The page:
Following his death, Stalin and his regime have been condemned on numerous occasions, the most significant of these the 20th Congress of the Communist Party of the Soviet Union in 1956, when Stalin's successor Nikita Khrushchev denounced his legacy and drove the process of de-Stalinization of the Soviet Union. Modern views of Stalin in the Russian Federation remain mixed, with some viewing him as a tyrant[8] others as a capable leader.[9]



Children



Offspring of Joseph Stalin and Ekaterina Svanidze (1885-1907)
Name Birth Death Joined with
Yakov Dzughashvili (1907-1943)



Offspring of Joseph Stalin and Maria Kuzakova
Name Birth Death Joined with
Konstantin Kuzakov (1911-1996)



Offspring of Joseph Stalin and Nadezhda Alliluyeva (1901-1932)
Name Birth Death Joined with
Vasili Dzhugashvili (1921-1962)
Svetlana Alliluyeva (1926-1911)








Residences

  1. ^ Wheatcroft, S. G.; Davies, R. W.; Cooper, J. M. (1986). Soviet Industrialization Reconsidered: Some Preliminary Conclusions about Economic Development between 1926 and 1941. 39. Economic History Review. p. 264. ISBN 9780719046001. http://books.google.com/?id=m-voAAAAIAAJ&dq.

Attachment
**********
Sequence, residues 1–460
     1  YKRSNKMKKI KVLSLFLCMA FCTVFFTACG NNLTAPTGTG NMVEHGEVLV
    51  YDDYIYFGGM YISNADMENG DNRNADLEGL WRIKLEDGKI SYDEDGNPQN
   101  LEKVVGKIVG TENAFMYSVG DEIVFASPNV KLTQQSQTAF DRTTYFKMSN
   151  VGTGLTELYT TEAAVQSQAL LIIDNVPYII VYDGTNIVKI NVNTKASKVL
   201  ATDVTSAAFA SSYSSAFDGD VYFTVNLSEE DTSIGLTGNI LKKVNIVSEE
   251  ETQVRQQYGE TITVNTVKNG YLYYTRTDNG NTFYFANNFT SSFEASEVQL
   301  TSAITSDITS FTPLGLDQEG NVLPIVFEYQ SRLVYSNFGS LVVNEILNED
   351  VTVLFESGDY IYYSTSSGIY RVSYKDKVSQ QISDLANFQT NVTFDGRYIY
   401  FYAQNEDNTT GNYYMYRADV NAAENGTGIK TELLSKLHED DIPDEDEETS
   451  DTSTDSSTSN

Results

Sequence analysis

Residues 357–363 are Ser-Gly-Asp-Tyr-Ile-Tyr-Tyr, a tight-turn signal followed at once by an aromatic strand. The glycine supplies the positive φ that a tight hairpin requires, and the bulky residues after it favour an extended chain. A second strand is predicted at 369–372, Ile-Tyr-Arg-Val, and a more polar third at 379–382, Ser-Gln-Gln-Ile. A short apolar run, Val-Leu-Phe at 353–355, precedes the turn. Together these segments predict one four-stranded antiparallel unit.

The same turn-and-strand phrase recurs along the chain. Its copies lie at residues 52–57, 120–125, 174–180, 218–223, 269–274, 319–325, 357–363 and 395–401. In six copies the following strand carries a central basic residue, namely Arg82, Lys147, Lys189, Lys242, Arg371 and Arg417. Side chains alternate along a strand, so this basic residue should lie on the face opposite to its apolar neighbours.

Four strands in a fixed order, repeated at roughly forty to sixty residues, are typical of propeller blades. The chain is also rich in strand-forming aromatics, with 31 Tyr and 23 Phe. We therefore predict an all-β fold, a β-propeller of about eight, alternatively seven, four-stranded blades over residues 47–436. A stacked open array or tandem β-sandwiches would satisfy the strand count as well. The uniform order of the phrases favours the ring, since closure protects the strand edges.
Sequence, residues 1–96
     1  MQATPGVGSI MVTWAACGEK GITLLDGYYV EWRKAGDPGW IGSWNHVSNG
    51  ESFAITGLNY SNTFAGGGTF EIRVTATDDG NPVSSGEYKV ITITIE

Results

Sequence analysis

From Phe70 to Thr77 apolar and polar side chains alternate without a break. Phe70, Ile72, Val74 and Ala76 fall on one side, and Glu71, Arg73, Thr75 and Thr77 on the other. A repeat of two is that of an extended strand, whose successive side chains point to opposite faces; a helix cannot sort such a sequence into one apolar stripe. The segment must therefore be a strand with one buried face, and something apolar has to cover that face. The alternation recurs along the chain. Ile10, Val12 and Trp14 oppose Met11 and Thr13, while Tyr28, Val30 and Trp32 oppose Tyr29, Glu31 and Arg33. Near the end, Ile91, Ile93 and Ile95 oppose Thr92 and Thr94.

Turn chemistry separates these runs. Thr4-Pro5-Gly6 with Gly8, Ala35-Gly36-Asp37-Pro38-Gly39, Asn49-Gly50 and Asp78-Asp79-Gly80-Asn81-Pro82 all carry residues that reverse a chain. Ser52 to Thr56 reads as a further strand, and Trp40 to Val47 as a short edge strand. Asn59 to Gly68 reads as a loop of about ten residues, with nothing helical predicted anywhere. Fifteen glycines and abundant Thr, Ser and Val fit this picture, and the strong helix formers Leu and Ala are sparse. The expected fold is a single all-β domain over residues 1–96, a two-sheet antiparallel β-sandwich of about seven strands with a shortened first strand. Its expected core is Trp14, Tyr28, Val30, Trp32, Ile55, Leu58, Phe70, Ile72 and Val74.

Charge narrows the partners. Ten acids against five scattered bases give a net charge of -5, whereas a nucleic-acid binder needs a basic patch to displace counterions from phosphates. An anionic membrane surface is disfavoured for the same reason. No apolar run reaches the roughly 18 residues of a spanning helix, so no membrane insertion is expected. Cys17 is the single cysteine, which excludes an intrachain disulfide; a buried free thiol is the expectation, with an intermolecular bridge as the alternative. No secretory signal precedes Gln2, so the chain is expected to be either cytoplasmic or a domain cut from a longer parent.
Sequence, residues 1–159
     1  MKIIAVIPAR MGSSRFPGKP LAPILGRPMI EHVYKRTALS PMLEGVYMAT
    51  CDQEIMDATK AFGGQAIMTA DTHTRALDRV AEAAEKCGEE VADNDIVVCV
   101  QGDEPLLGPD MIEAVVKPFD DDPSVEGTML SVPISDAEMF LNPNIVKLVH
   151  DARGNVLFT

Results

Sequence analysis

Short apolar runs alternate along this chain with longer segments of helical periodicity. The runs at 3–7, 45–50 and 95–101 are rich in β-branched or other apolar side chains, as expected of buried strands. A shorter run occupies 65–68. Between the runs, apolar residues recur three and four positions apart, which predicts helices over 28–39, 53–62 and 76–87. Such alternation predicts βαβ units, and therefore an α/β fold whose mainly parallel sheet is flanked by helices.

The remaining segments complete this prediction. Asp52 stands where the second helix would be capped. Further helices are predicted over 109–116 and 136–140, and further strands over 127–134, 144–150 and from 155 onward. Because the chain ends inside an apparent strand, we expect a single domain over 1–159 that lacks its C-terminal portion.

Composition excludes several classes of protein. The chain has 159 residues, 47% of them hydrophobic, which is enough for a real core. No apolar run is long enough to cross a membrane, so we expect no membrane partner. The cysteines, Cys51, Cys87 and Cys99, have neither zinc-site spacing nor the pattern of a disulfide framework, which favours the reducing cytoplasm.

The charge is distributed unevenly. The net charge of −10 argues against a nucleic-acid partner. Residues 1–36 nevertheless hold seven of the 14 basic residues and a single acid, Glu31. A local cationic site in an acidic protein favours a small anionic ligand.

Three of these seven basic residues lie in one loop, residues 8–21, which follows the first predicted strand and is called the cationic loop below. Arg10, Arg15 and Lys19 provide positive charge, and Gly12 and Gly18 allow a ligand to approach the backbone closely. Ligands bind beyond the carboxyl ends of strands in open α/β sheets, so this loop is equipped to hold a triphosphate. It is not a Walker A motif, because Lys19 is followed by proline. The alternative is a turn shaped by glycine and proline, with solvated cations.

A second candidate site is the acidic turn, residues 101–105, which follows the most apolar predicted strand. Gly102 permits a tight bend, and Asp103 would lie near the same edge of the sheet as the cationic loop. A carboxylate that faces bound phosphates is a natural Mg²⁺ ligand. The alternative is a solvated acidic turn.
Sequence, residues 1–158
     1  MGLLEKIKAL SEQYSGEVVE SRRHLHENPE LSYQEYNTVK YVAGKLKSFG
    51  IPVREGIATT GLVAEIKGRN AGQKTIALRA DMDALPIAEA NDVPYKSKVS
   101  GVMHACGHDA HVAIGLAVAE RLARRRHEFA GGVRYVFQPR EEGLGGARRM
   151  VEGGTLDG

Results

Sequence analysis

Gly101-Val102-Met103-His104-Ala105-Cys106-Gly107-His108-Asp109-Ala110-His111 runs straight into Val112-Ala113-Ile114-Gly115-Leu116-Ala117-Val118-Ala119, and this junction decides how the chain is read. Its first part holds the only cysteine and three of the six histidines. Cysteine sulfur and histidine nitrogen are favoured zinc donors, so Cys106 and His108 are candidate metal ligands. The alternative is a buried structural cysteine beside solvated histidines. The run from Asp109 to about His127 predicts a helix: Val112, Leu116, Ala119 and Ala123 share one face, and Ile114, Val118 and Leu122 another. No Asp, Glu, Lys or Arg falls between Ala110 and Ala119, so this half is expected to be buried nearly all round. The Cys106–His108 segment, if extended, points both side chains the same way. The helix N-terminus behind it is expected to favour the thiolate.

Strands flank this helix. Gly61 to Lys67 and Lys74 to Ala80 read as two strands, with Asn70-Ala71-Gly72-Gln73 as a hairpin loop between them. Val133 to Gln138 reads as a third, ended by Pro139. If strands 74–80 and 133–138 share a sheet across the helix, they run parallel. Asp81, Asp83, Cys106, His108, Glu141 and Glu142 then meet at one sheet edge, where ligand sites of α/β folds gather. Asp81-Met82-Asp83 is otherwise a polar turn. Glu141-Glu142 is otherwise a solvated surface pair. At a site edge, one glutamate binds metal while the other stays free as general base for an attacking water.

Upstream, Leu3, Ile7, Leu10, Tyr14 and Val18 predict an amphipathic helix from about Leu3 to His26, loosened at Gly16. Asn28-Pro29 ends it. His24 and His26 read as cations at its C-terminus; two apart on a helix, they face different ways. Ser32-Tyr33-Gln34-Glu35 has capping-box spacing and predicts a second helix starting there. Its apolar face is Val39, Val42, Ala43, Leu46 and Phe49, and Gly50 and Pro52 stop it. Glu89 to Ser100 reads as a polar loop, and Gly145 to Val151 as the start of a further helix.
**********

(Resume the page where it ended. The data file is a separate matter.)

2. ^ a b Getty, Rittersporn, Zemskov. Victims of the Soviet Penal System in the Pre-War Years: A First Approach on the Basis of Archival Evidence. The American Historical Review, Vol. 98, No. 4 (Oct., 1993), pp. 1017–1049.
  3. ^ Abbott Gleason (2009). A Companion to Russian History. Wiley-Blackwell. p.373. ISBN 1-4051-3560-3
  4. ^ Michael Jabara Carley. End of the 'Low, Dishonest Decade': Failure of the Anglo–Franco–Soviet Alliance in 1939. Europe-Asia Studies, Vol. 45, No. 2 (1993), pp. 303–341
  5. ^ Weinberg, G.L. (1995). A World at Arms: A Global History of World War II. Cambridge University Press. p. 264. ISBN 0521558794. 
  6. ^ Rozhnov, Konstantin, Who won World War II?. BBC.
  7. ^ Superpower politics: change in the United States and the Soviet Union Books.Google.com
  8. ^ How Russia faced its dark past, BBC News (5 March 2003)
  9. ^ Russian youth: Stalin good, migrants must go: poll, Reuters (25 July 2007)


Footnotes (including sources)